HOMETOWN HISTORY, August 30, 2013
125 Years Ago
The managers of the Central New York Fair, which opens at Oneonta on the 19th of September and continues for four days, are extremely fortunate in securing an engagement with the great aeronauts, Prof. Oscar Hunt and Prof. J.W. Price of Illinois. They will not only give an ascension on the second and third days of the fair in their monster hot air balloon, the largest in the world, but will perform the wonderful feat of jumping to the earth with the aid of a parachute after the balloon has attained an altitude of over one mile. There is no question but this will form a splendid drawing attraction. Professors Hunt and Price are unquestionably among the greatest living aeronauts of the age, and the leap into air from the balloon at the dizzy height of one mile requires much nerve, coolness, self-possession and judgment, all of which qualities these men are liberally endowed with, as will appear when it is stated that in all their ascensions they have never yet met with a single mishap.
100 Years Ago
At a well-attended meeting of the members of the Oneonta Country Club, held last evening at the Municipal Building, a resolution was passed instructing the committee to execute a contract with J.S. Bull for the purchase of about 75 acres from his farm at Oneonta Plains, embracing all of the lands originally included in the plot as laid out for the club, with Mr. Bull to retain his house and buildings and a portion of the plateau south of the trolley tracks. K.E. Morgan, who was chosen chairman of the meeting, stated that the committee has secured signatures for $16,100 of the capital stock of the club and that the membership assured its success. After investigating all of the possible sites, the committee decided upon the Bull farm as affording the most attractive site. Mr. Bull has signed a contract for the sale of the lands at $10,000. A committee was appointed to file articles of incorporation taking the name Oneonta Country Club. H.H. Buckley stated he could see no reason why the opening could not be held on May 1 next. The trolley company has agreed to make the fare to the grounds five cents.
60 Years Ago
Oneonta has a new industry – small at present but one that is bound to grow. Mr. and Mrs. Vernon Seeley, two former teachers, both graduates of Oneonta State Teachers College a few years ago, left the teaching profession and started out on their own to establish a family ceramic service business at Livingston Manor. The Seeleys supply schools and individuals with materials and equipment for making ceramic articles. Over the past three years, the business done by the Seeleys has tripled each year and when the business outgrew their Livingston Manor quarters they began looking around the state for a new location. Mr. Seeley said they decided to come to Oneonta for two main reasons. “Oneonta is a friendly town and a good place to bring up children.”
40 Years Ago
While many Oneontans are bemoaning the meat shortage and only reluctantly acquiring a taste for meat substitutes, at least one local resident is well prepared to face the shortage. Patricia Keddell, age 17, and a senior at Oneonta High School, adopted the vegetarian diet of her host families during her stay as a Rotary Exchange student in India this past year. She is the daughter of Mr. and Mrs. Joseph Keddell of 8 Winney Hill Road, Oneonta. “I went to India to learn their customs,” she said. “I was a vegetarian almost all the year.” Miss Keddell’s year was spent in the Indian State of Gujarat where she learned to speak the local dialect. In her high school, she picked it up quickly though it was necessary at times to speak slowly. “Sign language helped,” she added.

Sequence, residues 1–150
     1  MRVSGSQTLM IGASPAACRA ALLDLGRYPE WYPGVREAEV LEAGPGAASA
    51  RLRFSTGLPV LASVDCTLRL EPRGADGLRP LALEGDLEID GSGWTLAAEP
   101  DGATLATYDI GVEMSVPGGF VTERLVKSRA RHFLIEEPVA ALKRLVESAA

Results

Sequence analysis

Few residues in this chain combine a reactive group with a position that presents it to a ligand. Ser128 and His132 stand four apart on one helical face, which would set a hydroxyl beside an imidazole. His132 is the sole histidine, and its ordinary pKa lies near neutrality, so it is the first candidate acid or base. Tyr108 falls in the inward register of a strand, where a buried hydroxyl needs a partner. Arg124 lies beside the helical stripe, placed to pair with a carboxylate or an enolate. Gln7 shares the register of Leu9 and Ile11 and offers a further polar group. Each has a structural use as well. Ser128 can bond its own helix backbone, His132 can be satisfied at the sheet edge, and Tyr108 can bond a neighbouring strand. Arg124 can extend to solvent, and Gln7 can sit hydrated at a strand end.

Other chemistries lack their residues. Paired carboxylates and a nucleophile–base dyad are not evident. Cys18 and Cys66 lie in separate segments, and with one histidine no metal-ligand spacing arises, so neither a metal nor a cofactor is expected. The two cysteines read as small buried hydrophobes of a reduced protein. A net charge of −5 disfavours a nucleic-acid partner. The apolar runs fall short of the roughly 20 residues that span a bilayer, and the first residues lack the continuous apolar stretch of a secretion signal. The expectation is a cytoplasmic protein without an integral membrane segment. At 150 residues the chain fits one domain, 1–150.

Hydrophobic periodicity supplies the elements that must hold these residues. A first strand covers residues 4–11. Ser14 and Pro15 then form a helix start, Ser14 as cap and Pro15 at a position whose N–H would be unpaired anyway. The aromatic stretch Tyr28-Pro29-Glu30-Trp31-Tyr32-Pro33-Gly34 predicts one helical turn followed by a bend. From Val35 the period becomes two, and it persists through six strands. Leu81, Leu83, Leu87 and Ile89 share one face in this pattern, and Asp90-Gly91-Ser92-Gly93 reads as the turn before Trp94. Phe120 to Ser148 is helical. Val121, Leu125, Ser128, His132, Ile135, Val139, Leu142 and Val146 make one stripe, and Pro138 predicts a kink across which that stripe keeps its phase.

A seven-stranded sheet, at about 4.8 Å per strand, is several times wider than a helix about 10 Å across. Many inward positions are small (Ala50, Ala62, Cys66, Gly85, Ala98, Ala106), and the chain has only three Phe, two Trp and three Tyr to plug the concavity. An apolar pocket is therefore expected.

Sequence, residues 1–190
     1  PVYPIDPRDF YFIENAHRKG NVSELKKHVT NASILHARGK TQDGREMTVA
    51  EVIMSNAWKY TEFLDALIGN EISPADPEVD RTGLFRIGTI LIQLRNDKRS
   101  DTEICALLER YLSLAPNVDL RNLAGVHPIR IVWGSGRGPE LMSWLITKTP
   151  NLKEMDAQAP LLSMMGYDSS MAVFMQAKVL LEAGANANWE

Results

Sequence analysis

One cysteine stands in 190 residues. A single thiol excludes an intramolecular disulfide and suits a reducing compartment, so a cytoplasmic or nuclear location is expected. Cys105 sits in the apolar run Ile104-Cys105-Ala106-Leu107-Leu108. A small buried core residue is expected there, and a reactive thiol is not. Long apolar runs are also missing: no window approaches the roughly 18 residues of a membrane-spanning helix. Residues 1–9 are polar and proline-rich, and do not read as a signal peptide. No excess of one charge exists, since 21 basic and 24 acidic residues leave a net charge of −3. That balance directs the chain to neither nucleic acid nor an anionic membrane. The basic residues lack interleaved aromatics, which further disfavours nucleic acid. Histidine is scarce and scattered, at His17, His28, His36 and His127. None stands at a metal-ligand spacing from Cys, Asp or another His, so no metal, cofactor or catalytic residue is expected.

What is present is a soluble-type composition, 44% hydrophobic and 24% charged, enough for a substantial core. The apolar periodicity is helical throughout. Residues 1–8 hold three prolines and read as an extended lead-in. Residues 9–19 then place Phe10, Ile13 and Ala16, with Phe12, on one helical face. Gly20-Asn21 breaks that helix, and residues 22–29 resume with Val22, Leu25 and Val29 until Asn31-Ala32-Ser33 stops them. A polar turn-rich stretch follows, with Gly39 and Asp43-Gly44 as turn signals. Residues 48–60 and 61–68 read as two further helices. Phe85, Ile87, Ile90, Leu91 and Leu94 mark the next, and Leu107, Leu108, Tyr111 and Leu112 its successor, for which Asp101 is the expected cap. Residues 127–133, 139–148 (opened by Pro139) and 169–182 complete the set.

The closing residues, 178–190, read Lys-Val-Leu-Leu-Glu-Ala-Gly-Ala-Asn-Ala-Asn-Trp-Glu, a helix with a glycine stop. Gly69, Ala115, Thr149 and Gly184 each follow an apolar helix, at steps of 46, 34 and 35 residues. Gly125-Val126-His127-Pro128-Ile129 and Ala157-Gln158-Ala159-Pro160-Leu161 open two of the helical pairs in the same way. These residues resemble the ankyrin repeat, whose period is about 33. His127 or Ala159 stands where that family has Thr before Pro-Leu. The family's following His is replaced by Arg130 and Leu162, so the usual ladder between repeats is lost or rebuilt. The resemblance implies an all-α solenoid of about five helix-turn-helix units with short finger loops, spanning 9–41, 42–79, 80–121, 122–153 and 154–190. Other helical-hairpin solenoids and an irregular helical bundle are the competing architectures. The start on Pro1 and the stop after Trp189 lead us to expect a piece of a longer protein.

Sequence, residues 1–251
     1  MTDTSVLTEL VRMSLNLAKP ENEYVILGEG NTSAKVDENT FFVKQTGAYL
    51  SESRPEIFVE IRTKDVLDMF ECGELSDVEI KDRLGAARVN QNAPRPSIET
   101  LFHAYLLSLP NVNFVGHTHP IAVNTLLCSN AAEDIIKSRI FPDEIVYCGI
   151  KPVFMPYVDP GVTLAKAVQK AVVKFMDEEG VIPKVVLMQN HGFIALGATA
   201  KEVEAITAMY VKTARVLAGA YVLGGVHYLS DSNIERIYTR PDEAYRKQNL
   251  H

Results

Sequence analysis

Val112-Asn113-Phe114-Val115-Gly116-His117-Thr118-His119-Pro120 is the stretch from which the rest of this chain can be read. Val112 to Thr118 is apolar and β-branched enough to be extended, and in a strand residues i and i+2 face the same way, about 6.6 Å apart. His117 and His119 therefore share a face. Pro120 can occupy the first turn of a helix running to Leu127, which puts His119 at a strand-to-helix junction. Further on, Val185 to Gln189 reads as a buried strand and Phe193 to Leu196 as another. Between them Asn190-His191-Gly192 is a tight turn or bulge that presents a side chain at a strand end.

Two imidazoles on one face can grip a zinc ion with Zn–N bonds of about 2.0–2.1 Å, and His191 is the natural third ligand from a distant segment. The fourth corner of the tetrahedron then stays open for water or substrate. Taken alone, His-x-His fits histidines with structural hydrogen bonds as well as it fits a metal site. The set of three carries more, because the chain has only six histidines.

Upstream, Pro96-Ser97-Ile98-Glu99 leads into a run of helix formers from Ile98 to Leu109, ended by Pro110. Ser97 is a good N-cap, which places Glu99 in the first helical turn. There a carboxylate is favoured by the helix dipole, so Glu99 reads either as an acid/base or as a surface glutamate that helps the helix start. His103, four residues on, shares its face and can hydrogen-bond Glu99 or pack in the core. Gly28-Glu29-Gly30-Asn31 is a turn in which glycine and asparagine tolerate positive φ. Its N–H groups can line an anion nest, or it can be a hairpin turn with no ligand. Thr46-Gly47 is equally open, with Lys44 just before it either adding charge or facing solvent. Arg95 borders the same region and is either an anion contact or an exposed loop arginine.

30 Years Ago
Oneonta Mayor James F. Lettis is scheduled to formally open the new fitness trail in Wilber Park at 10 a.m. on Thursday – but only if vandals leave the facility alone in the meantime. Vandals ripped five trail signs from the ground over the weekend. Local youths who installed the fitness course this summer in a job-training program spent Monday replacing them. Lucia Colone, coordinator of the Oneonta Youth Employment Service Youth Center, said it was the third time vandals have pulled up fitness trail signs in recent weeks. Vandals rocked the signs back and forth to loosen them before pulling them out of the ground and cracking the bases of a couple of signs. The signs provide instructions on the use of equipment at the 20 fitness stations along the trail.
20 Years Ago
Wendy’s Restaurant on Oneonta’s Southside just missed beating a Wendy’s record for getting the most cars through the drive-through in one hour last Friday afternoon. Between noon and 1 p.m. 241 customers lined up at the drive-through and Wendy’s employees were busily flipping burgers until the cars stopped coming – just short of the 250-car record according to manager Sharon Anderson.
10 Years Ago
Retired Oneonta minister William Bouton and his wife, Sylvia, will be recognized next month by Opportunities for Otsego for their years of community service. OFO’s annual Community Service Award will be presented to the couple on September 18th at a dinner in their honor at the State University College at Oneonta’s Morris Conference Center. “They’re great people, and they’ve given so much to this community,” said OFO Executive Director Cheri Albrecht. “They exemplify what we all should be doing with our lives.” The Rev. Bouton retired earlier this year after 17 years as pastor of the First United Methodist Church at 66 Chestnut Street.